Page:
Bolton Wanderers 0
It is the time of year when managers in Colin Todd's position speak of the need to be positive in almost every sentence and take great care never to mention the "r" word. Presumably, then, for the sake of morale, the Bolton players are banned from using the talking lifts at their still- shiny Reebok Stadium. Press the button for the ground floor and the departing visitor is greeted with ominous words: "Going down."
The cynical money says Bolton will be, along with Barnsley and maybe even Crystal Palace as the Premiership decides this season's intake did not come up to scratch. But don't rush to the bookmakers just yet. If Todd's team could only learn how to score goals they might be out of danger before you could say Nationwide League.
No side outside the top nine has suffered as few defeats as Bolton, who have drawn more games than anyone in the division. It is just the matter of disturbing the netting that is proving problematic.
Saturday was typical of the season's story, one which has featured only nine Bolton goals in 11 Premiership matches at the Reebok, six in 10 if the 3-3 draw with Derby is excluded. The build-up play was more than acceptable, highly creditable even; yet the finishing could not make it count.
Some of it was merely inaccurate, but two shots hit the woodwork, one header was cleared off the line and another eight attempts were saved by Paul Jones.
The booing Bolton suffered at the end was ill-deserved but their supporters see only too clearly that without goals they will not survive. It does not help that Dean Holdsworth, Todd's club record signing, is injured. Saturday's stand-in, the on-loan West Bromwich striker, Bob Taylor, looked sharp for a 30-year-old on his debut at the top level but soon caught the club affliction, missing two glorious chances.
"You cannot fault the players for effort," Todd said afterwards. "But sometimes, like today, effort is not enough. But then you look at Barnsley, Crystal Palace and Tottenham all losing today and you realise there is still a long way to go. Even Newcastle cannot regard themselves as safe, so we'll keep positive."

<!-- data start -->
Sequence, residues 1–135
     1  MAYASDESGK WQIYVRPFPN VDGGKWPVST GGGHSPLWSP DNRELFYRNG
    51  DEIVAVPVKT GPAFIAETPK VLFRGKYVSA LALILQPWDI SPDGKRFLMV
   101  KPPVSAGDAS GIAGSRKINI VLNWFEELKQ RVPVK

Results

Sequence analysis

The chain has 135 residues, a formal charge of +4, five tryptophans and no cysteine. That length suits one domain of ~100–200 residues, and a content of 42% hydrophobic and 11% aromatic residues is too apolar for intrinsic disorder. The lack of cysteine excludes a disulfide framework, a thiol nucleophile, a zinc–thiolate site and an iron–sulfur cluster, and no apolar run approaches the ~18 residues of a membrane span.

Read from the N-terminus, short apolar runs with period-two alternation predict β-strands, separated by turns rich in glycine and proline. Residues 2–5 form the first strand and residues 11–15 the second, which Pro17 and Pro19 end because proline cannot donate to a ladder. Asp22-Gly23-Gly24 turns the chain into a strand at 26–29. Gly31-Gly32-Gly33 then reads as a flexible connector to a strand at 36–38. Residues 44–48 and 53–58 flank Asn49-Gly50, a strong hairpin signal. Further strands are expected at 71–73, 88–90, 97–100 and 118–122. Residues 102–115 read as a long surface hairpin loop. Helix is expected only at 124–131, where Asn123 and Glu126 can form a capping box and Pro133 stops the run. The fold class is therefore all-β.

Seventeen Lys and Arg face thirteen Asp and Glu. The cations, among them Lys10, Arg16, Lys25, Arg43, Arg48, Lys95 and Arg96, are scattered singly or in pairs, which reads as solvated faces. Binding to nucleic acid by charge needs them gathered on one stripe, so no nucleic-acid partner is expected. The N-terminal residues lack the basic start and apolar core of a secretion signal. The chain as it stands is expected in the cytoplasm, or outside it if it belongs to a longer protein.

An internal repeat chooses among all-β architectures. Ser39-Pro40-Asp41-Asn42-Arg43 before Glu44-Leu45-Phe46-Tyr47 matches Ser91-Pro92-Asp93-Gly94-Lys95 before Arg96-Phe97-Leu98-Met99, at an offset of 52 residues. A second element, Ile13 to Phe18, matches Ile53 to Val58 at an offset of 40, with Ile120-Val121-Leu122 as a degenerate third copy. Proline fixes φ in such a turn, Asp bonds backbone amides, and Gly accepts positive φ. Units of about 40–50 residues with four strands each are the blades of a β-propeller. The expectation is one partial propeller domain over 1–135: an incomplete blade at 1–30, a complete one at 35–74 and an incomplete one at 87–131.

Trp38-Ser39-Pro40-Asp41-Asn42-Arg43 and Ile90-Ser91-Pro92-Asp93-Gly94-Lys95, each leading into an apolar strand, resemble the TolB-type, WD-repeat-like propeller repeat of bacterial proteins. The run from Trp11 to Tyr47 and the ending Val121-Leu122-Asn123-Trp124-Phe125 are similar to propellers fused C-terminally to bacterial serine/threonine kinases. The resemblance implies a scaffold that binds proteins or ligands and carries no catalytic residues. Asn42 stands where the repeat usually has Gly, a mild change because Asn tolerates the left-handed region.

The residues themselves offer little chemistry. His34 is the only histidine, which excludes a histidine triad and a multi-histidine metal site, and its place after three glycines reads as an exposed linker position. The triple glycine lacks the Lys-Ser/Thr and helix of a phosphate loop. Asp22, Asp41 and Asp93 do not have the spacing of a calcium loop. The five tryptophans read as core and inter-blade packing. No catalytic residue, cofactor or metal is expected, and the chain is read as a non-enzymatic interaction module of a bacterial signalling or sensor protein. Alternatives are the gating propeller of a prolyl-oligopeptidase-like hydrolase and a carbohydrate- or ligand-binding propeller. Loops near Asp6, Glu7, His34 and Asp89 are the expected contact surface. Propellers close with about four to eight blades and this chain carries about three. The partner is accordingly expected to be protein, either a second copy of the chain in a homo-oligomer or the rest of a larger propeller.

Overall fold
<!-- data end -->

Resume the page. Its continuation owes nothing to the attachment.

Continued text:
Southampton, for whom Ken Monkou and Carlton Palmer among others worked tirelessly after Francis Benali was sent off in the first half, defended resolutely but were never negative. Defeat would have been unjust.
In Saturday's determined mood you would back them to stay up while Bolton, were it not for their little problem, might well consider themselves too good to go down. Until it is solved, however, that assessment can apply only to their stadium, talking lifts and all.
Bolton Wanderers (4-4-2): Branagan; Cox, Todd, Bergsson, Phillips; Pollock (Carr, 72), Frandsen, Thompson, Sellars (Gunnlaugsson, 72); Blake, Taylor. Substitutes not used: Beardsley, Fish, Ward (gk).
Southampton (4-3-3): Jones; Dodd, Monkou, Dryden, Benali; Oakley, Richardson, Palmer; Davies, Hirst (Slater, 46), Ostenstad (Williams, 77). Substitutes not used: Le Tissier, Spedding, Moss (gk).
Referee: G Willard (Worthing).
Bookings: Southampton: Palmer, Dryden, Davies. Sending-off: Benali.
Man of the match: Jones.
Attendance: 23,333.Reuse content